A female television journalist felt that she was being treated unfairly and, in accordance with the German Pay Transparency Act, requested information about what comparable employees were earning. The problem here was that the journalist operated as an employee-like person and not like a comparable employee. The BAG, in its landmark ruling from 25.6.2020 (case reference: 8 AZR 145/19), strengthened the employee right to access information in the case of disputes over equal pay for women and men. Besides employees, very many self-employed people who derive their income predominantly from one employer now have the right to access information about the earnings of colleagues with comparable jobs. This is because the concept of an employee, with a view towards European law, should be interpreted more broadly than it has been in Germany. European law, namely, makes no distinction between employees and employee-like persons.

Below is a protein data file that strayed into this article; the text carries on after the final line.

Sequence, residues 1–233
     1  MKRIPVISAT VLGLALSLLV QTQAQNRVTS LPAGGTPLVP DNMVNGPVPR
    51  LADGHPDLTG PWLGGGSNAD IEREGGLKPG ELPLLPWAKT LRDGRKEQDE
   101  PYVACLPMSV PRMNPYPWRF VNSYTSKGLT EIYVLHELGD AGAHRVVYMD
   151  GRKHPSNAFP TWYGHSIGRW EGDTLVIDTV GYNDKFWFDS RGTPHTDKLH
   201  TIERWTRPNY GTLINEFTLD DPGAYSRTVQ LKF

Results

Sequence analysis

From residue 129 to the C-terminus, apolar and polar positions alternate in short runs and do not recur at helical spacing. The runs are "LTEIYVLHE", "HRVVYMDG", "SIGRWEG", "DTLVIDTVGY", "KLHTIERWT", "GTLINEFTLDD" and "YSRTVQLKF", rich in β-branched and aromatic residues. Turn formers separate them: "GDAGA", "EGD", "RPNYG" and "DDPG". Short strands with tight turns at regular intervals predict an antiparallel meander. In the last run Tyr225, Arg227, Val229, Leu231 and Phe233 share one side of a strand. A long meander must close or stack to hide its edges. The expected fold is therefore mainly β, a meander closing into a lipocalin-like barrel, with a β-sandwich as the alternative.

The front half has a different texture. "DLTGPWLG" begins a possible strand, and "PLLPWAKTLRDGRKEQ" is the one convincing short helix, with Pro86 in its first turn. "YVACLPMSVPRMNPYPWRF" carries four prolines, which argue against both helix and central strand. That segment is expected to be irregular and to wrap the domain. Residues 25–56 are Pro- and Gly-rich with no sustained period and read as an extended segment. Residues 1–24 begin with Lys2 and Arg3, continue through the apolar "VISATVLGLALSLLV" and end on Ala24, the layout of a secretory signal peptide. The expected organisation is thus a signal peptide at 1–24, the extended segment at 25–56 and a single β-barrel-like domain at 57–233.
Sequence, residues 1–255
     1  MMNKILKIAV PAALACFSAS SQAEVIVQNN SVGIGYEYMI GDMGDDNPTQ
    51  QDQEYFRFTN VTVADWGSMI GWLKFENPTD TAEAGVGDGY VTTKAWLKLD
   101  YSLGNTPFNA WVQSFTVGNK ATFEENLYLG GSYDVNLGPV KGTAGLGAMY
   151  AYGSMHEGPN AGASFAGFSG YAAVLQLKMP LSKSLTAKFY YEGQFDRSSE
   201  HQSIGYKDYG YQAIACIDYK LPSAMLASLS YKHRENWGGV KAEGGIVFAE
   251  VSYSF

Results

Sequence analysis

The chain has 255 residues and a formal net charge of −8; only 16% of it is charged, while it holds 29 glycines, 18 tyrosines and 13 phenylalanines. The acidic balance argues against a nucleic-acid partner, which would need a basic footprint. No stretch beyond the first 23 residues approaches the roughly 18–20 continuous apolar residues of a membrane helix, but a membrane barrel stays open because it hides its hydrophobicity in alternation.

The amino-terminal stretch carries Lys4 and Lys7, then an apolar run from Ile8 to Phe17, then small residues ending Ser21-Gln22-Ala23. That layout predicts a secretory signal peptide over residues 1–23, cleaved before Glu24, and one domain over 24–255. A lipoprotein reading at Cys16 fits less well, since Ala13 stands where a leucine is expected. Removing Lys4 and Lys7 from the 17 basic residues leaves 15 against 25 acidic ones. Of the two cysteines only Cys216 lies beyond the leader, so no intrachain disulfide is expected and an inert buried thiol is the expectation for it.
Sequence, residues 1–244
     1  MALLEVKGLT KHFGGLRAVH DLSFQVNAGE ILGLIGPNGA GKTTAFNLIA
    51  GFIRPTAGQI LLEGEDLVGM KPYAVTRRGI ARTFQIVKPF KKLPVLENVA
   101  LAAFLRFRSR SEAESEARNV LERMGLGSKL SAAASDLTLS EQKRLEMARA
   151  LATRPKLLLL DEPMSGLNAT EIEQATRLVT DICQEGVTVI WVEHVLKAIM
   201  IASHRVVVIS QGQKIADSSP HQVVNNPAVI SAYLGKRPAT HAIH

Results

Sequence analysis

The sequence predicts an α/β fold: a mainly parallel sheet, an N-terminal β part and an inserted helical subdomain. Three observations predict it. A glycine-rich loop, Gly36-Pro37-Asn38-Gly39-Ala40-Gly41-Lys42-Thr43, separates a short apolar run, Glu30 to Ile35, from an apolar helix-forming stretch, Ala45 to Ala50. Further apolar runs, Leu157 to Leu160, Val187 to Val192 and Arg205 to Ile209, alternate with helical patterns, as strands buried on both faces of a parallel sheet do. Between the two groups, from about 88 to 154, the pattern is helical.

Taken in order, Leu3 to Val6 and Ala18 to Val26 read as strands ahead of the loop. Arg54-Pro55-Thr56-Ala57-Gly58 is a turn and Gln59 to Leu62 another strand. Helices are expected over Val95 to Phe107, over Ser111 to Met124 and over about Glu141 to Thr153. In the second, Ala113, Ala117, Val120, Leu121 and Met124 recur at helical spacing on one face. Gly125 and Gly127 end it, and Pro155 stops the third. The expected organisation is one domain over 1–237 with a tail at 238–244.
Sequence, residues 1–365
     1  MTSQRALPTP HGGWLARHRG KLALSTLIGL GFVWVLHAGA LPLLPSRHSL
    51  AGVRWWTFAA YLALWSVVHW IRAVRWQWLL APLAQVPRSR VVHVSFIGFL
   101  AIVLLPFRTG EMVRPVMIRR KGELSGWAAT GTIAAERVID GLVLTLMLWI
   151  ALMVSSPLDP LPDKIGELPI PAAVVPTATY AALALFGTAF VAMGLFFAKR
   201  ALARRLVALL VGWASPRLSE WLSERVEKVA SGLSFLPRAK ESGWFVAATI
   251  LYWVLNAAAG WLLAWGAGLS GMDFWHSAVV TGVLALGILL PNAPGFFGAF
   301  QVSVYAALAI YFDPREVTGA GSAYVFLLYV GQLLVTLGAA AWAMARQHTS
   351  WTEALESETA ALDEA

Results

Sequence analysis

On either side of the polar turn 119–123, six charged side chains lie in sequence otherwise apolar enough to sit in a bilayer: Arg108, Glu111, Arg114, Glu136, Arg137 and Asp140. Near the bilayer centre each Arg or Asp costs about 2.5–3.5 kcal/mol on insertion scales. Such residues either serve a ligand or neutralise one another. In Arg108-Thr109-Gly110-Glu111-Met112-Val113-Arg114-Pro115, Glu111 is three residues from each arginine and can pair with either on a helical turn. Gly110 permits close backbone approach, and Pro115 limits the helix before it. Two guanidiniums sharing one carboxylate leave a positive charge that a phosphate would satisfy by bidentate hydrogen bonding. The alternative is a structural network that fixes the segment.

Please note: Employee-like persons often include journalists, computer scientists, lawyers, architects as well as a range of service providers insofar as they normally only work for one employer.